Return of the Worm: A Red Hat Analysis

Harrison Van Riper | 7 September 2017

A computer worm is a piece of malware that is designed to replicate itself in order to spread to other machines. While worms have existed since at least the 1980s, they’ve made a surprise comeback in 2017. Notable pieces of malware, including ransomware and banking trojans, have sought to incorporate “wormable” functionalities. Following the WCry attacks, Rick Holland wrote a blog titled “The Early 2000s Called, They Want Their Worms Back”. Could 2017 be seen as the return of the worm? By using the Red Hat structured analytic technique, it’s possible to take the perspective of an attacker and understand the potential evolution of this technique in the near future.

Worms in 2017

In early 2017, the SamSam ransomware added self-propagation techniques. The developers of SamSam likely determined that the added technique would increase potential profits for the operators of the ransomware. More recently, Emotet and TrickBot, two banking trojans added self-propagation to their functionality. Banking trojans target customers of online banking services in order to harvest their credentials and access accounts for subsequent fraudulent transfers. Both Emotet and TrickBot demonstrated a new capability that attempted to allow self-propagation through a network using two distinct techniques.

  1. Emotet relied on the brute-force cracking of credentials to spread internally among networked systems, using a list of passwords hard-coded into the malware. This was incorporated in the months after WCry and Petya, demonstrating how criminals track cyber trends and adjust their TTPs accordingly. 
  2. The new TrickBot variant attempted to autonomously propagate among networked machines over the Server Message Block (SMB) service. There have been further indications that the exploit used in the TrickBot variant was ETERNALBLUE, an exploit for an SMB vulnerability (CVE-2017-0144). ETERNALBLUE was released by the Shadow Brokers in April 2017 and subsequently used in the WCry (WannaCry) attacks of May 2017.

Over the past six months, there have been multiple instances of malware using network self-propagation techniques. As seen in Figure 1 below, the Backdoor.Nitol and Gh0st RAT trojans, WCry, and now, possibly, TrickBot have used ETERNALBLUE.

Wormable Trojans Timeline September 2017 

Figure 1 – Timeline of malware adding self-propagation


Red Hat Analysis

The incorporation of a “worming” capability enables malware to propagate among machines within a local area network, and potentially between networks. This could enable a single successful delivery via a spam email, for example, to infect multiple machines.

A lack of technical knowledge is one reason why we have seen a lack of adoption in the past. TrickBot is a well-developed and successful banking trojan, indicating that its operators were likely relatively well resourced; however, the newly added self-propagation modules were reportedly relatively poorly written in comparison to its older modules, suggesting a realistic possibility that they may still be under development.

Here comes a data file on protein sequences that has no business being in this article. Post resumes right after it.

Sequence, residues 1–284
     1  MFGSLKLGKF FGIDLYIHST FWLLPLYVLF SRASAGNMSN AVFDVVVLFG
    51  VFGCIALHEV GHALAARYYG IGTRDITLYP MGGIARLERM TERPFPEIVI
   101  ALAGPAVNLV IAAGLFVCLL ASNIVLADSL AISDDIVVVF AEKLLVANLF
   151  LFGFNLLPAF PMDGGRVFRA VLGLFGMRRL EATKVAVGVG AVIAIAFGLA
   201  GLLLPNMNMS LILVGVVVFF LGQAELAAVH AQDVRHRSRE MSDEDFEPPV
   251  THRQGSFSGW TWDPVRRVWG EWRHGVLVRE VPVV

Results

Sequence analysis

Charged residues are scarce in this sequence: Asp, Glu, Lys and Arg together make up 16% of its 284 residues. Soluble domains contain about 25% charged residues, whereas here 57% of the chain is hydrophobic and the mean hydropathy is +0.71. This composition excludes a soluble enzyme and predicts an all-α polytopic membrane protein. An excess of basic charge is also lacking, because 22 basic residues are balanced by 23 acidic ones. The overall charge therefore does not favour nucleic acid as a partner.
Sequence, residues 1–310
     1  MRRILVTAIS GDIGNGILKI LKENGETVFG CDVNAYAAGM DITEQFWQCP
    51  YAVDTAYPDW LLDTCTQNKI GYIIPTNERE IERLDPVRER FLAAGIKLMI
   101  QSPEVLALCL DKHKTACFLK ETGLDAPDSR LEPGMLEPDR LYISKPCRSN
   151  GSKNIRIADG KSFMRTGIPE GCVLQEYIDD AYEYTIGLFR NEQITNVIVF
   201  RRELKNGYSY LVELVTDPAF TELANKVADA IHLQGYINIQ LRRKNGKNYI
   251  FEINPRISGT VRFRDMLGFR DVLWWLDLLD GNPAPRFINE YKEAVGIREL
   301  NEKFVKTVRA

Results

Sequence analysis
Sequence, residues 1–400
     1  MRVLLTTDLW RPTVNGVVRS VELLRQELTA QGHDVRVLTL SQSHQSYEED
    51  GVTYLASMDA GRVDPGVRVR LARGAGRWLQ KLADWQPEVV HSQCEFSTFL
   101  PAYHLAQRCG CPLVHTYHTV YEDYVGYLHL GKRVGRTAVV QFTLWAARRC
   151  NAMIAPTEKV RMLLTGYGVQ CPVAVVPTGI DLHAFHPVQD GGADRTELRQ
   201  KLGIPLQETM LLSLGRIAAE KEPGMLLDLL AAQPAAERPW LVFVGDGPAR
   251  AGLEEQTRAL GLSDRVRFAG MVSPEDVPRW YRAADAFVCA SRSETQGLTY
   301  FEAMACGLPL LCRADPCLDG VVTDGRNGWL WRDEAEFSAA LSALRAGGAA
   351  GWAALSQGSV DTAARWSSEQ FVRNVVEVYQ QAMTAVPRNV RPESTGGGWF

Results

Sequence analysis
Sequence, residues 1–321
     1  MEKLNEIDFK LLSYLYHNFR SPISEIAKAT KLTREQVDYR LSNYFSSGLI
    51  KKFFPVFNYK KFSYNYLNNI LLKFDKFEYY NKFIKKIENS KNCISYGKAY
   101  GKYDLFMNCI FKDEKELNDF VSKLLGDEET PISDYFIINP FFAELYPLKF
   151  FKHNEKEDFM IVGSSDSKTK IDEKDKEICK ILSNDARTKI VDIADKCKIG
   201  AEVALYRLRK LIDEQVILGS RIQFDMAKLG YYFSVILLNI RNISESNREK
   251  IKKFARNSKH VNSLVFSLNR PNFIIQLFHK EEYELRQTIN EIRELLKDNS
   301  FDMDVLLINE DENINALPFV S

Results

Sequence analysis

In order to assess the question of why banking trojan developers would adopt self-propagation techniques, we have conducted a Red Hat analysis exercise. Red Hat analysis is a structured analytic technique that prompts an analyst to change his or her point of reference from that of an analyst observing or predicting an adversary or competitor’s behavior, to someone who must make decisions within an existing operational culture. The technique works best when you are trying to predict the behavior of a specific person or adversary. The Red Hat analysis quadrant in Figure 2 shows the potential advantages, benefits, costs, and risks associated with future development of self-propagating techniques for banking trojans.

 Red Hat Analysis Self Propagation

Figure 2 – Red Hat analysis of developing self-propagation techniques for banking trojans

The self propagation outlook

Actors or groups that can implement these techniques without compromising operational security would likely gain more profit. Given this, it’s likely that the development of self-propagation capabilities will continue in the near future.

While there’s still limited information on how self-propagation techniques have increased the profitability of Emotet and TrickBot, the incorporation of these capabilities in multiple malware variants showed their developers and operators perceived the techniques as profitable. If development of self-propagation techniques continues, it will likely increase the extent to which a specific variant can impact an enterprise network. However, this would largely depend on how hardened a network is against such activity.

Shortly after the WCry ransomware worm, we wrote a blog on 5 lessons we can learn from security engineering. The advice in this blog extends beyond the WCry incident, and provides good advice for protecting against the rise of wormable malware, covering these five areas:

    1. Default deny
    2. Least privilege
    3. (Attack) surface reduction
    4. Need to know/compartmentalization
    5. Defense in depth